Pack your bag(s)
What you pack obviously depends on your destination, season, length and purpose of trip. So this is NOT a packing list for your first ever flight.
It is however a quick check of Do’s and Don’ts, to help you prevent any catastrophes when arriving at the airport for your first flight.
Certain items are prohibited in your luggage or are at least best to be avoided if you don’t fancy a full body search at the airport. Other items are fine in checked luggage but not hand luggage and vice versa.
A few useful tips to packing for your trip, so you know exactly what is allowed in hand luggage and what needs to go into checked luggage.
|What to pack in hand luggage||What to pack in checked luggage|
|There is a limit to the amount of liquids you can pack. The rule is no individual container to be larger than 100ml (regardless of whether the container is full or only half full) and all to be placed in one clear plastic bag, no larger than 1l (20 x 20 cm).
Some airports provide those plastic bags for free (like Heathrow), others will charge for them (like Düsseldorf). So to make it easier, get a plastic zip lock bag before you travel and pack everything at home.
|You can pack as many liquids as you like in any size you like. Just make sure it is all packed safely to avoid any leakage into your suitcase.|
|You can pack a power bank and batteries in your hand luggage, as long as they don’t exceed 100Wh.||Do not pack any batteries or power banks in your checked luggage. These will be removed when your luggage is screened (believe me, I learned this the hard way and it took me a good two months to get back to that airport to actually collect the power bank from ‘Lost Property’, which would have been absolutely fine in hand luggage)|
|Do not pack any sharp items, large scissors, knives and blades in hand luggage. Scissors with blades shorter than 6cm are fine (although I would avoid if not absolutely necessary… the less discussion the better).||Scissors, knives, blades etc. are generally fine in checked luggage. But double check that none of these count as an offensive weapon at your destination (as rules vary in countries and you don’t want to be done for weapon possession whilst on holiday).|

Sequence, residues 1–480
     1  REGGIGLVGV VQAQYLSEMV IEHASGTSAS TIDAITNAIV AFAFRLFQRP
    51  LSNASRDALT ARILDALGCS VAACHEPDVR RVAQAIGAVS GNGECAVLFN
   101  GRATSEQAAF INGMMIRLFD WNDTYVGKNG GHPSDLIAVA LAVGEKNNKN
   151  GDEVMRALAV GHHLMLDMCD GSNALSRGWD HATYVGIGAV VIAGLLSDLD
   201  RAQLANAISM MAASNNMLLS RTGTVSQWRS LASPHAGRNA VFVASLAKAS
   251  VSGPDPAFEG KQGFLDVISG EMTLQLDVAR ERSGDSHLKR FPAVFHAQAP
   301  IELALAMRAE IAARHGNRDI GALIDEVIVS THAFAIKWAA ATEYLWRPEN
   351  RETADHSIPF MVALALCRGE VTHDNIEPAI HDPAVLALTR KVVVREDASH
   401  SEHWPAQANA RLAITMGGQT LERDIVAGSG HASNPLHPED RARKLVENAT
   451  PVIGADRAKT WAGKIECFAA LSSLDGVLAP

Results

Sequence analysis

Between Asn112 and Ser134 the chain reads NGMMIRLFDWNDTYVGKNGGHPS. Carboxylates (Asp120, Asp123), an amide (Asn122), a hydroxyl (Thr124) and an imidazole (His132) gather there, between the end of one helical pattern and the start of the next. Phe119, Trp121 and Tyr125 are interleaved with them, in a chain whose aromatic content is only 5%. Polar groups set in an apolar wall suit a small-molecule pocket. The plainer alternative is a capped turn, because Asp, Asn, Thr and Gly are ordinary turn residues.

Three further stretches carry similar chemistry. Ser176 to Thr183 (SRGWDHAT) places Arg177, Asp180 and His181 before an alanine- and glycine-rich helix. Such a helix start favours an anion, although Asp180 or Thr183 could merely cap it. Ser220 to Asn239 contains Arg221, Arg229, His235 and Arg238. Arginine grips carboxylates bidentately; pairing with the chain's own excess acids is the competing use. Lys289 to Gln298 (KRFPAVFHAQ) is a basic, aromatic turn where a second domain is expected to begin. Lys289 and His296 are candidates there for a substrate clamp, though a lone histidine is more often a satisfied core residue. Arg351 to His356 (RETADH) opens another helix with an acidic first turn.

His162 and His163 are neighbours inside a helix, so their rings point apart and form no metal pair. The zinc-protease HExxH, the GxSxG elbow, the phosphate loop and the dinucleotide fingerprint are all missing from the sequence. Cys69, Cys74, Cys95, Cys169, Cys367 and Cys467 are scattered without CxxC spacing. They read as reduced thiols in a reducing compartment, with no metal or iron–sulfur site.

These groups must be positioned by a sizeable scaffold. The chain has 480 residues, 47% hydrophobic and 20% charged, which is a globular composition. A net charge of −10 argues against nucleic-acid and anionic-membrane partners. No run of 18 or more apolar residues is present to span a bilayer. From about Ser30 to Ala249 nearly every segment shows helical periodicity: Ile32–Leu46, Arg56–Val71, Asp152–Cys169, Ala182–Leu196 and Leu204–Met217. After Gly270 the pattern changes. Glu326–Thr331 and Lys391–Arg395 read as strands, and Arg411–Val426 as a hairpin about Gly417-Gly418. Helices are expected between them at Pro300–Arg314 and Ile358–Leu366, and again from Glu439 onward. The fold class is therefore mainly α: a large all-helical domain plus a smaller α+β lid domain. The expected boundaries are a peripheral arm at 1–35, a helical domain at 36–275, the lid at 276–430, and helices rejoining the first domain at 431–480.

|Fine to pack hair dryer, straightener, charger etc. in hand luggage, although you might be asked to take them out of your bag to be screened separately when going through security.||Fine to pack hair dryer, straightener, charger etc. in checked luggage.|
|You can pack medication in your hand luggage, but please place it in a clear plastic bag and ideally get a doctor’s note confirming the requirement, just in case. And whilst the 100ml rule does not apply, I would keep the unit as small as possible.||You can pack any medication in your checked luggage, no problem. Provided we are talking legal medication obviously.|
|You can pack baby food in hand luggage and the 100ml rule does not apply. But again, stick to what’s necessary for the actual flight.||Pack as much baby food as you like in your checked luggage. But same as with the other fluids, you will want to make sure that it is all safely wrapped, to prevent any spills.|
Arriving at the airport for your first ever flight
As a first time flyer, I would advise you arrive a little early, giving you enough time to find your way around. Usually boarding (so getting onto the actual plane) starts around 30 minutes before departure (or earlier, if you have a long-haul flight), so my advice would be to arrive at the airport at the very least an hour, if not one and a half hours before your departure time.
As you enter the airport, find the departure board and see which check-in area you need to go for your flight (your flight number is on your boarding pass).
Go to the check-in desk.